The effect of curcumin on amyloid beta plaque build up, a possible major cause for Alzheimer’s, has been studied in mice. According to theory, curcumin may provide anti-inflammatory effects in a neuro-inflammatory cascade in plaque pathogenesis. The study demonstrated that both low and high doses of curcumin reduced β-amyloid plaque buildup, an effect that may be similar to that of aspirin which suppressed development of β-amyloid plaque buildup in preliminary research.
Research in the latter half of the 20th century identified curcumin as the agent responsible for most of the biological activity of turmeric. In vitro and animal studies have suggested potential biological effects associated with curcumin. At present, these effects have not been confirmed in humans.
As of 2008, clinical trials in humans were underway, studying the effect of curcumin on various diseases, including multiple myeloma, pancreatic cancer, myelodysplastic syndromes, colon cancer, psoriasis, and Alzheimer's disease.
Several preliminary research studies have identified curcumin with potential biological effects:
- In both in vitro and animal studies, curcumin has shown antitumor, antioxidant, antiarthritic, antiamyloid, anti-ischemic, and anti-inflammatory properties.
- Anti-inflammatory properties may be due to inhibition of eicosanoid biosynthesis.
- In one study, curcumin protected mice from V. vulnificus-induced septicemia.
- In rats, subcutaneously-injected curcumin improved biomarkers for hepatoprotection.
- A laboratory study found that low concentrations of curcumin interfere with Herpes simplex virus-1 (HSV-1) replication. It inhibited the recruitment of RNA polymerase II to viral DNA, thus inhibiting its transcription. This effect was independent of the effect on histone acetyltransferase activities of p300/CBP.
- One study found that curcumin may be associated with protection from infection by HSV-2 in animal models of intravaginal infections.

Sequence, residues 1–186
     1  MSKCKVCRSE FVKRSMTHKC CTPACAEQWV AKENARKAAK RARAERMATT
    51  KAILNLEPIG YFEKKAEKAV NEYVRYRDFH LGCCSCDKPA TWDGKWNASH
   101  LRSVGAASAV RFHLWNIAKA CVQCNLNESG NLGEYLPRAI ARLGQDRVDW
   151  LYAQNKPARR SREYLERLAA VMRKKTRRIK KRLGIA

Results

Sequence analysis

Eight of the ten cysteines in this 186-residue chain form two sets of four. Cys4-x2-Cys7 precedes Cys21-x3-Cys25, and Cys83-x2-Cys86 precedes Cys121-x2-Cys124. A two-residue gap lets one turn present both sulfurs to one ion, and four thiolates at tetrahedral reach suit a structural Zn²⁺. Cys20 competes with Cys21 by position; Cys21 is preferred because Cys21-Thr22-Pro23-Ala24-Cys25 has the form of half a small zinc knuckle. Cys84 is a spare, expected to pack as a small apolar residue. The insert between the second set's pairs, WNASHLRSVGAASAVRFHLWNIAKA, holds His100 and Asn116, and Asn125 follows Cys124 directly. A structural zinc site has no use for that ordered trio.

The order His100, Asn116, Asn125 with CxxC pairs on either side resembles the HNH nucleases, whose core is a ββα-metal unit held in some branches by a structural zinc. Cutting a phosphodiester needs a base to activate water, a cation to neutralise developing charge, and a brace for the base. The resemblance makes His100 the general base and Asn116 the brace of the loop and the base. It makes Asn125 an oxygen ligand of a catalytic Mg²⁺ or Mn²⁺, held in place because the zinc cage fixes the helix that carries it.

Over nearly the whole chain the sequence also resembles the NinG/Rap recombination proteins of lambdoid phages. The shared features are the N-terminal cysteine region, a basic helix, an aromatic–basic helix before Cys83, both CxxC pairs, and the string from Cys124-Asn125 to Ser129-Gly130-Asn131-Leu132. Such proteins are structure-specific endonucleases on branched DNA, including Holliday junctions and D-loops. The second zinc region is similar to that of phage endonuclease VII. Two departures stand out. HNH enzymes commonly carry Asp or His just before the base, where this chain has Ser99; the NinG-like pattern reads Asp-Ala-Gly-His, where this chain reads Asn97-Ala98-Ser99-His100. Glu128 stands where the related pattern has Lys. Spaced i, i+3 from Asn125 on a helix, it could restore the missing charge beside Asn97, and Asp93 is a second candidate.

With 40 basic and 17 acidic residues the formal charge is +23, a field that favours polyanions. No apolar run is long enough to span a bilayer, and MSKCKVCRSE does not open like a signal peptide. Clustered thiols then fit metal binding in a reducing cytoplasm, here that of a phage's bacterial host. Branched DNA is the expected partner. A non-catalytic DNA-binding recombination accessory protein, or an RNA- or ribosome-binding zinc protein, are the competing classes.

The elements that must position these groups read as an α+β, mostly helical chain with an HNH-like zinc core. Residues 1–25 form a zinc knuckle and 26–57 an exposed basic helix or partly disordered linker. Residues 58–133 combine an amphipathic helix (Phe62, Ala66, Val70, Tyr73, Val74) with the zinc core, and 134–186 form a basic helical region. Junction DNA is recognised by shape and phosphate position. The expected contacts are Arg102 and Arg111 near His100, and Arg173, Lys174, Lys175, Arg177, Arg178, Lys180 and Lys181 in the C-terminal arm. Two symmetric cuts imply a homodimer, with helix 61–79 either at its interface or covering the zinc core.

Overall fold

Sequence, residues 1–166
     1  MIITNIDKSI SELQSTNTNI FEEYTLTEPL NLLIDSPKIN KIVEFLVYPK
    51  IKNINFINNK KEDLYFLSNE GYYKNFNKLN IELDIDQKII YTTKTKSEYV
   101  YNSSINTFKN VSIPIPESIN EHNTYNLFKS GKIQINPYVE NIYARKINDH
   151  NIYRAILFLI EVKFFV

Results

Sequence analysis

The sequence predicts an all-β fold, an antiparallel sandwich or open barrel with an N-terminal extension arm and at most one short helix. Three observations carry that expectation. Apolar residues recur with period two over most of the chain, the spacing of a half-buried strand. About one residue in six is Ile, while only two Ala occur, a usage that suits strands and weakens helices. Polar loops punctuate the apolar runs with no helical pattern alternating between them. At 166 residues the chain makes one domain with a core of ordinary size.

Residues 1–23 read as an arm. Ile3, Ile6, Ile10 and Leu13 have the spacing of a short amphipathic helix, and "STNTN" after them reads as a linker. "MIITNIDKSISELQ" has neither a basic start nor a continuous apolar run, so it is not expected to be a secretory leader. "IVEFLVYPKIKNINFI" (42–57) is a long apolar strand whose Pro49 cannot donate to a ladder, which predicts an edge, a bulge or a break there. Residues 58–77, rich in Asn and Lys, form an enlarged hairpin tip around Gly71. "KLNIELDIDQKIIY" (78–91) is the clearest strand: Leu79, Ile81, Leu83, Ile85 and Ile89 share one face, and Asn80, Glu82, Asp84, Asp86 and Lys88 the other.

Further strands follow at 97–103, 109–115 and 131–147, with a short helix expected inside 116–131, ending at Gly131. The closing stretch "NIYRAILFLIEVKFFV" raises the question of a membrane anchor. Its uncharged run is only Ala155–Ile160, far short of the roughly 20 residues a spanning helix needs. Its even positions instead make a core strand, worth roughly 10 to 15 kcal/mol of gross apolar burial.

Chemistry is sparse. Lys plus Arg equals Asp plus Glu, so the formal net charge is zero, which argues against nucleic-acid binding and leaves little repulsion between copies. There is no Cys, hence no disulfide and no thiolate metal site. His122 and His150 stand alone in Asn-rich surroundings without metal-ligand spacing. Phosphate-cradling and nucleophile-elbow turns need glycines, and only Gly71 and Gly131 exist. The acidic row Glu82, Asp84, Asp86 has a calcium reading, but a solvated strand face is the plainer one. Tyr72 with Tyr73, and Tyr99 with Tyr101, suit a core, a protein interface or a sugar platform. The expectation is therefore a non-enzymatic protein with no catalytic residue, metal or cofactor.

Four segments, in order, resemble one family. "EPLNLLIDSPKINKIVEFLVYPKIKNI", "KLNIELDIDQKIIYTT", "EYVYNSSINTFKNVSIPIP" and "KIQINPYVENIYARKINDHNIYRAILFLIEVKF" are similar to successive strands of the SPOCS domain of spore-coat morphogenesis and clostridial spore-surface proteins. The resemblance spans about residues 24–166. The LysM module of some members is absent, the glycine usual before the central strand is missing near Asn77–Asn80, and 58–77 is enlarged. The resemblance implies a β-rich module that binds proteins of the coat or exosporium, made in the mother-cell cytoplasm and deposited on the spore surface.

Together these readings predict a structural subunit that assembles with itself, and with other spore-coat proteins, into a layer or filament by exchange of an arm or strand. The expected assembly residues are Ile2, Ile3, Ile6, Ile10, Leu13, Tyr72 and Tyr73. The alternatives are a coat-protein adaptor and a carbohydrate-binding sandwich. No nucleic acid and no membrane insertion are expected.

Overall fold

- A study in rats found that curcumin may act as a free radical scavenger and antioxidant, inhibiting lipid peroxidation and oxidative DNA damage, protecting against lead neurotoxicity.
- In rats, curcumin was shown to be effective in protecting against toxicity and spatial memory impairment induced by amyloid β-protein infusion.
- A study using a transgenic animal model indicated that curcumin diminished plaque burden and overall inflammation, but it also increased plaque-associated inflammatory cells suggesting enhanced clearance.
- A study found that curcumin shrank the size of plaques and reduced neurite dystrophy in an Alzheimer mouse model.
- A study found curcumin to have a synergistic effect with fish oil to protect against cognitive deficits in a transgenic rodent model.
- Preliminary studies indicate that curcumin may have a positive effect on neurogenesis in the hippocampus and may increase levels of brain-derived neurotrophic factor (BDNF) in rats.
- A curcumin pyrazole derivative was found to improve memory and was neuroprotective, stimulating BDNF in vitro and in vivo. The compound was found to be protective in animal models of brain trauma and stroke.
- In rats, curcumin may inhibit cardiac hypertrophy and affect cardiac health and repair through different mechanisms.
- In one preliminary human study, curcumin increased insulin secretion from the pancreas.
- A human study of 240 subjects observed that curcumin could reduce the risk of having a type 2 diabetes.
Preliminary cancer research 
The potential anti-cancer effects of curcumin have been the subject of several preliminary studies: